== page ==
"It is common ground that Congress installed whistle-blower protection in the Sarbanes-Oxley Act as one means to ward off another Enron (Corp.) debacle,” Supreme Court Justice Ruth Bader Ginsburg wrote for the majority in the U.S. Supreme Court's ruling in Jackie Hosang Lawson et al. v. FMR L.L.C. et al.
“Also clear from the legislative record is Congress' understanding that outside professionals bear significant responsibility for reporting fraud by the public companies with whom they contract, and that fear of retaliation was the primary deterrent to such reporting by the employees of Enron's contractors,” the court ruled.
“In short, we cannot countenance the position advanced by FMR (Corp.) and the dissent ... that Congress intended to leave these professionals vulnerable to discharge or other retaliatory action for complying with the law,” the court ruled in remanding two cases to the lower court.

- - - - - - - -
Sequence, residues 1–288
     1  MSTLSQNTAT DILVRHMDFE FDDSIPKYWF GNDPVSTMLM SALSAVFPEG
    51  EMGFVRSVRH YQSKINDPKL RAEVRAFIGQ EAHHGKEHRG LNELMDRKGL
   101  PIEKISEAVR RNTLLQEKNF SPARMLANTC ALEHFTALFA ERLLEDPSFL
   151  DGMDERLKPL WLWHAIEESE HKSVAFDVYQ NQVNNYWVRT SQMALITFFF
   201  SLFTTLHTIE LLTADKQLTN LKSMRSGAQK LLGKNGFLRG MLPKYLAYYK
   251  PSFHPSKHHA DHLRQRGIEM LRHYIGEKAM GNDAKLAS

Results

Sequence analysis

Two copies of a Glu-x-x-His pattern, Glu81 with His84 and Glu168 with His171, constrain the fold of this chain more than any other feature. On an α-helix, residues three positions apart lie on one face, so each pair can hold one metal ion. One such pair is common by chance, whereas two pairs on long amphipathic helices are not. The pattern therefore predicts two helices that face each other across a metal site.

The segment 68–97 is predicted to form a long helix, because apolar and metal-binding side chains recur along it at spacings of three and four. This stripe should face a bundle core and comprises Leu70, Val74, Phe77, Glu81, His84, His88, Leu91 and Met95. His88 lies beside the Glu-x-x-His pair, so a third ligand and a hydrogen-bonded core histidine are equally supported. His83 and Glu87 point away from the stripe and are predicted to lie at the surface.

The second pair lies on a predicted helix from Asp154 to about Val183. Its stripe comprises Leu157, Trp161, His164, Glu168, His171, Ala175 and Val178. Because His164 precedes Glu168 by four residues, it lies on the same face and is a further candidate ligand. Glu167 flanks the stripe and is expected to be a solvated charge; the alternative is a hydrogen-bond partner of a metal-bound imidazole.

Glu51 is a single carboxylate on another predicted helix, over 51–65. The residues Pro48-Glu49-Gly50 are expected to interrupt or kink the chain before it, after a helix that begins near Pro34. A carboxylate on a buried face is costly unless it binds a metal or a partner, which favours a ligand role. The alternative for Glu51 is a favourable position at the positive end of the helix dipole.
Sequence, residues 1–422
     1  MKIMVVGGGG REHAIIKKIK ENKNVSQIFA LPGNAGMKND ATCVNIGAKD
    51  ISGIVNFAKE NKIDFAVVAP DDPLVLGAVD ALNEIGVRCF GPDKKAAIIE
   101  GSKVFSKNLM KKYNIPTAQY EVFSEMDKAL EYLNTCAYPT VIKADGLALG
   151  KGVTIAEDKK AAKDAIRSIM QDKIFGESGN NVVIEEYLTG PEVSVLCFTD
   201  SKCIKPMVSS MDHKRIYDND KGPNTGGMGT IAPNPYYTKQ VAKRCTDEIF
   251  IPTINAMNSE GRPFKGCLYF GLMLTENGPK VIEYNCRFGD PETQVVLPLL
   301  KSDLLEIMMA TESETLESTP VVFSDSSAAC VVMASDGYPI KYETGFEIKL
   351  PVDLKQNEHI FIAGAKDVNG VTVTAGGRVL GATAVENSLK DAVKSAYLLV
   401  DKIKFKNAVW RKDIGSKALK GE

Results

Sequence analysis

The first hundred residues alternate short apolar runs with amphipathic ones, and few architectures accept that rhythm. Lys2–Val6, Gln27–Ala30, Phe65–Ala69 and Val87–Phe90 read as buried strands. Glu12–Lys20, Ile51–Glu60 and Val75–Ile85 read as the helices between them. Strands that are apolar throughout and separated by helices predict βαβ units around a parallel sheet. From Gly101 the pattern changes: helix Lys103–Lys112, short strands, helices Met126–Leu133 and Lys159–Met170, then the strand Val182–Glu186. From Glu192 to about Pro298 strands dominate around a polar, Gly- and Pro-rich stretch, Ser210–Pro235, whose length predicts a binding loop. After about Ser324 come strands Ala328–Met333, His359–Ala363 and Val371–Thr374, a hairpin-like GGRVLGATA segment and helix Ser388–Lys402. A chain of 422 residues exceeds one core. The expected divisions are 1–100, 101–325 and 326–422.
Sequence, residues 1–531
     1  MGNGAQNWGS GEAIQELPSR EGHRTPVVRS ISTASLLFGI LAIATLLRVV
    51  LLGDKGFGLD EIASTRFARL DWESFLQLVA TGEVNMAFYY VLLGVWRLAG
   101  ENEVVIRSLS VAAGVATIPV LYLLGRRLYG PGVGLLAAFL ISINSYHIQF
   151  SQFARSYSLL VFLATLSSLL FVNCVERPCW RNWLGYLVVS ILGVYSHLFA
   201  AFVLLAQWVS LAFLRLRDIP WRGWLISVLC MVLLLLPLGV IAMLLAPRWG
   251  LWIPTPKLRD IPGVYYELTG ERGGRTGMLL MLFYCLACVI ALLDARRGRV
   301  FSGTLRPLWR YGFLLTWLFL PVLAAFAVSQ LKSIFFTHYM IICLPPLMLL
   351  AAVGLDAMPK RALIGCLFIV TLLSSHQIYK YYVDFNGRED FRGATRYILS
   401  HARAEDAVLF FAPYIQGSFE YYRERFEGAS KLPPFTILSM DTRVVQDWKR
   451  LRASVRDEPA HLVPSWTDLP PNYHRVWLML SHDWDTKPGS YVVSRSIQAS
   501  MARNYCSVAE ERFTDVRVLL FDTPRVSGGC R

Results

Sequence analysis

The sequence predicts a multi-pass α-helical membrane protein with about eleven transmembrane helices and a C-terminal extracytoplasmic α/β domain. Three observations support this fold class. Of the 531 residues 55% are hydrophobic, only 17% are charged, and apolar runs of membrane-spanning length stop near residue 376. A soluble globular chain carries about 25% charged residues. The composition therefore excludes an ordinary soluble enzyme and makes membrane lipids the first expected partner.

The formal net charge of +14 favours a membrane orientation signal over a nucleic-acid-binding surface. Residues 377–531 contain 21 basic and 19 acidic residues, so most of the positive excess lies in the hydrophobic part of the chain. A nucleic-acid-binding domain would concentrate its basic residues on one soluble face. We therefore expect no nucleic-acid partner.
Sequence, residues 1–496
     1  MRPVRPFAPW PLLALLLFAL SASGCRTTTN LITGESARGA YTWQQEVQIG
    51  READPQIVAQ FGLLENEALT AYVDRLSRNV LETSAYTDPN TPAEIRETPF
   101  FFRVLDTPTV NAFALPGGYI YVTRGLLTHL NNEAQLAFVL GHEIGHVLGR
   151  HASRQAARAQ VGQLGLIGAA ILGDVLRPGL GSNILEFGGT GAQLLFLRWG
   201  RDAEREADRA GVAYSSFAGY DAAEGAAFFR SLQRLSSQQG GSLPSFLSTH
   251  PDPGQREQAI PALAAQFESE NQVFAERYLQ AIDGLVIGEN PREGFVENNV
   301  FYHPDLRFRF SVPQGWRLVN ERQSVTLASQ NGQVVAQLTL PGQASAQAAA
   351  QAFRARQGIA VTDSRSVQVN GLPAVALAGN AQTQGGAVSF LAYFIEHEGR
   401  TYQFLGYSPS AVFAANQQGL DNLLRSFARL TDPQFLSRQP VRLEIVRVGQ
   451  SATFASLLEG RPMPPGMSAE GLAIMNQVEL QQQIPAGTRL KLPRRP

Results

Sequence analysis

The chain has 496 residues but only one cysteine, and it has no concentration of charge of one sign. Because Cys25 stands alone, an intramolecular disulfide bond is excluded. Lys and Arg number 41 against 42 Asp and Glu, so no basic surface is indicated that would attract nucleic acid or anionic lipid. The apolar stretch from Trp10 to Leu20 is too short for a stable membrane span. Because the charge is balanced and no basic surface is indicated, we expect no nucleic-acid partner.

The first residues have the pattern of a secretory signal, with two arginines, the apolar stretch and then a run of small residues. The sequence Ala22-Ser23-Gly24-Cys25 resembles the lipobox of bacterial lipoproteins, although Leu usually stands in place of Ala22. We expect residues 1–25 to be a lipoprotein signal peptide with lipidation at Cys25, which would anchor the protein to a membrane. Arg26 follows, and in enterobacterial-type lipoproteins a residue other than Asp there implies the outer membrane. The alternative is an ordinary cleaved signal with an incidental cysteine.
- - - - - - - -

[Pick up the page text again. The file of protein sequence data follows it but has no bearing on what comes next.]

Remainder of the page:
The majority also described as “unwarranted” the fear in Justice Sonia Sotomayor's dissent that household employees and others would pursue retaliation claims in response to the ruling, and that the Occupational Safety and Health Administration would find the claims to have merit.
“If we are wrong, however, Congress can easily fix the problem” by amending Sarbanes-Oxley to explicitly remove such employees “from the provisions' reach,” Justice Ginsburg wrote.